Monday, September 29, 2014

We must obey the forces we want to command

For a recent MOOC, On Strategy: What Managers Can Learn from Great Philosophers, the final exam asked us to respond to Francis Bacon's assertion that "we must obey the forces we want to command," presenting two arguments, with a quotation and an example for each.


Francis Bacon famously wrote that we must obey the forces we want to command in reference to the laws of nature. One can readily transpose this dictum to other domains: market forces, military forces, cultural forces, psychological forces, etc. — each being subject to the same rigor and scrutiny we demand when performing natural science.

Literature is one such domain. Although it is steeped in tradition – the rules of language (from grammar to semantics), conventions of genre, formal narrative structures, as well as cultural expectations – truly original work emerges only once these elements are firmly understood [Argument 1]. The rules are acknowledged and assimilated, and subverted to new ends. This is especially true in the example of Oulipo – a formally defined literary movement. Cofounder Raymond Queneau described Oulipians as "rats who construct the labyrinth from which they plan to escape"[1].

Consider for a moment, though, how it (or any other constraint, for that matter) works. It places a restriction on the expressions and phrases that can be used in a poem, and it determines to some extent what the poet is able to say. It makes the process of writing both more difficult — by short-circuiting habitual modes of self expression — and, paradoxical as it may seem, easier: certain decisions have already been made for the writer. A constraint confronts the writer with a puzzle to solve, not a blank page, and this can be strangely comforting. Finally, a constraint will almost always force a writer to be creative, to seek out new means of self expression.[2]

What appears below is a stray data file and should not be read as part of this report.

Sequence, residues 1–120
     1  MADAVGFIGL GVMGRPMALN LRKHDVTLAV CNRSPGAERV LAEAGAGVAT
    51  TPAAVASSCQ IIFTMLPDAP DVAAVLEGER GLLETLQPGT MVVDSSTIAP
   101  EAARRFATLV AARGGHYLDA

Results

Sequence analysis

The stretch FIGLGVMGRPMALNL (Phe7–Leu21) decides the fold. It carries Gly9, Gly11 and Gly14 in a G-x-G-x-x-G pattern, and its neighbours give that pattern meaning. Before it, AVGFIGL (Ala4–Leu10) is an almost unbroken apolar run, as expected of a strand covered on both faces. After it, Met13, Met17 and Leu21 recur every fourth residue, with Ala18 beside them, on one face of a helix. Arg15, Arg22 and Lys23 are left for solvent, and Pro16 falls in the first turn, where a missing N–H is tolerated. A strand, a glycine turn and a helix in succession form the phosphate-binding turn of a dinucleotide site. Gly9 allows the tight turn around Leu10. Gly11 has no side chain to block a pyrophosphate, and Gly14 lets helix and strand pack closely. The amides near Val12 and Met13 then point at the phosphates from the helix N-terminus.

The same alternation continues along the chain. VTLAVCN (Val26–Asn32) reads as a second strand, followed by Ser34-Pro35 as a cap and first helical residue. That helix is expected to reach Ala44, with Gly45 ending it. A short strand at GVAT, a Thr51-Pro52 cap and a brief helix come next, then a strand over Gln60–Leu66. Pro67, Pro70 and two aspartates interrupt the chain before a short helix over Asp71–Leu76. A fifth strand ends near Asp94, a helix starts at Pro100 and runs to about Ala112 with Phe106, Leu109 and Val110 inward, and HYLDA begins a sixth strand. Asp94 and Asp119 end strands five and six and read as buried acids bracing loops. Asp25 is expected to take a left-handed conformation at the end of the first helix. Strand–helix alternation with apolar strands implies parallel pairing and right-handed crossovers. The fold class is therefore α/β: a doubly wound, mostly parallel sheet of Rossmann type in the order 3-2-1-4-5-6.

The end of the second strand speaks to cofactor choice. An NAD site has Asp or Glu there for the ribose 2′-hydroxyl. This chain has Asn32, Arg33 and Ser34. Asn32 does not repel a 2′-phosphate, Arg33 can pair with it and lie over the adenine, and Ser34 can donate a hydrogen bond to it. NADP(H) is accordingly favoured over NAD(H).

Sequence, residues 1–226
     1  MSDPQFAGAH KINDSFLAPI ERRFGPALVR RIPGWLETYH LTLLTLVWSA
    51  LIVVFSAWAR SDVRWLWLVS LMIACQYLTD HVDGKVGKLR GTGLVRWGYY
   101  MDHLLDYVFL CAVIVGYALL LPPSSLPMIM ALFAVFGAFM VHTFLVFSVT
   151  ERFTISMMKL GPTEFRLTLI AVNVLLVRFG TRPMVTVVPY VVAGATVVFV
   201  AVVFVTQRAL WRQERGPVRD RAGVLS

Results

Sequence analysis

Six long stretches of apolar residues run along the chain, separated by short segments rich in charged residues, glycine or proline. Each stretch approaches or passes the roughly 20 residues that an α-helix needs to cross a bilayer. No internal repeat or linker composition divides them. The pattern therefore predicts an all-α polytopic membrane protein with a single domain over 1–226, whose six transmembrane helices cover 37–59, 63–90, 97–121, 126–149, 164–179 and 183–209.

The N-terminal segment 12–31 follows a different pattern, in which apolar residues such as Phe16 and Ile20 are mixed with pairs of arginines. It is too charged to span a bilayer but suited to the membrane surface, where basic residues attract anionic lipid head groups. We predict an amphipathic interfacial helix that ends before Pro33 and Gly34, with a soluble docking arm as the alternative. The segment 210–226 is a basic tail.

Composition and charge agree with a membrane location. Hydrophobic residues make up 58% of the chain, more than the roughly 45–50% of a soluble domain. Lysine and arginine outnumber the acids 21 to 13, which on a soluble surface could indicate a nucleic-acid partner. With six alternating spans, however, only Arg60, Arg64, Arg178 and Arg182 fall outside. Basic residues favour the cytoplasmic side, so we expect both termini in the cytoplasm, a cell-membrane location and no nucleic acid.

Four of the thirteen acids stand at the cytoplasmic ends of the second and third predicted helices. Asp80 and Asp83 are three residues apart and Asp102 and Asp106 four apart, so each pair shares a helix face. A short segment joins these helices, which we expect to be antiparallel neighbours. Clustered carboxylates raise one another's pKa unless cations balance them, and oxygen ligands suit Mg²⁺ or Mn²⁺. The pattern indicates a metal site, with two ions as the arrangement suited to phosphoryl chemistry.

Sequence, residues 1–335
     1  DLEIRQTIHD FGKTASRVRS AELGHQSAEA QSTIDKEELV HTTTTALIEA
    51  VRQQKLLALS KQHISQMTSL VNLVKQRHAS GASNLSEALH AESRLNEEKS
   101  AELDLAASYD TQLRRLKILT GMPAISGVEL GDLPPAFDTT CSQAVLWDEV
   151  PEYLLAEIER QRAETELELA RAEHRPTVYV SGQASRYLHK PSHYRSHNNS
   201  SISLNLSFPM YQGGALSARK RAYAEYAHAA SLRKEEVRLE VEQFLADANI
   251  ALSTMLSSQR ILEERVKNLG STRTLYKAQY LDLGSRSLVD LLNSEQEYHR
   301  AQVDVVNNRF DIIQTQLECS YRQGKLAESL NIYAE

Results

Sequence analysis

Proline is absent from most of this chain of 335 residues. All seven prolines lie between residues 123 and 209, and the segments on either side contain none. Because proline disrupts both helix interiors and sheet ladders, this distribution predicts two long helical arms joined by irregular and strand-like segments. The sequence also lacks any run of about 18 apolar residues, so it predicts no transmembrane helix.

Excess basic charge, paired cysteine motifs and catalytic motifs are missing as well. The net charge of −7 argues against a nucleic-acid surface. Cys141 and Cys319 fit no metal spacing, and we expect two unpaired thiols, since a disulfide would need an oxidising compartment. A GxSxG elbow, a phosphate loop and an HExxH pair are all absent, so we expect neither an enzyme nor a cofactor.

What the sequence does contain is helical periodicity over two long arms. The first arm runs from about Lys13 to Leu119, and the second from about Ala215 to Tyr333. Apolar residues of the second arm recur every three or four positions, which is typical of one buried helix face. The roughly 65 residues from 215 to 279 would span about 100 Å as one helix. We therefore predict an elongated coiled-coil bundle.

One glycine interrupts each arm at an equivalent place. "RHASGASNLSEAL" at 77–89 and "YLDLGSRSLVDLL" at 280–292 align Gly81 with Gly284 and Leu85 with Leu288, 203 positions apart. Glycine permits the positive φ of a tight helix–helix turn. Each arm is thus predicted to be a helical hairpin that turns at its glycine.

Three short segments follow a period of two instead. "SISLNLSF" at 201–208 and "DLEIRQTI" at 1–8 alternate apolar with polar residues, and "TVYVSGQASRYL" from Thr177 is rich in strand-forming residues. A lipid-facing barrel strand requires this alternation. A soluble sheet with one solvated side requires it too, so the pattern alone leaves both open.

Clearly the forces of language are fully obeyed by Oulipians in order that their practitioners can bend them to their will.

Science has evolved since Bacon’s time, and its ambitions have become more complex and its progress more nebulous. The pursuit of artificial intelligence is limited in exactly the way Bacon’s dictum would suggest [Argument 2]: "How do you make a search engine that understands if you don't know how you understand?"[3].

Douglas Hofstadter is a cognitive scientist who has become disillusioned with the common approach: "Sometimes it seems as though each new step towards AI, rather than producing something which everyone agrees is real intelligence, merely reveals what real intelligence is not"[4].

While advances have been made in data processing, and a form of "intelligence" has grown out of this capability, we have not yet achieved a truly artificial intelligence. We cannot master this domain until we have fully understood the workings of the mind and can obey the algorithms that are in play.

Bacon's assertion is thus borne out in both successes and failures across domains.

1. Raymond Queneau. Definition provided at Oulipo meeting. Apr 5, 1961.
2. Paul Kane. Review of Oulipo Compendium. Oct 2006.
3. James Sommers. "The Man Who Would Teach Machines to Think." Atlantic Monthly. Oct 23, 2013.
4. Douglas Hofstader. Gödel, Escher, Bach: An Eternal Golden Braid. 1979.

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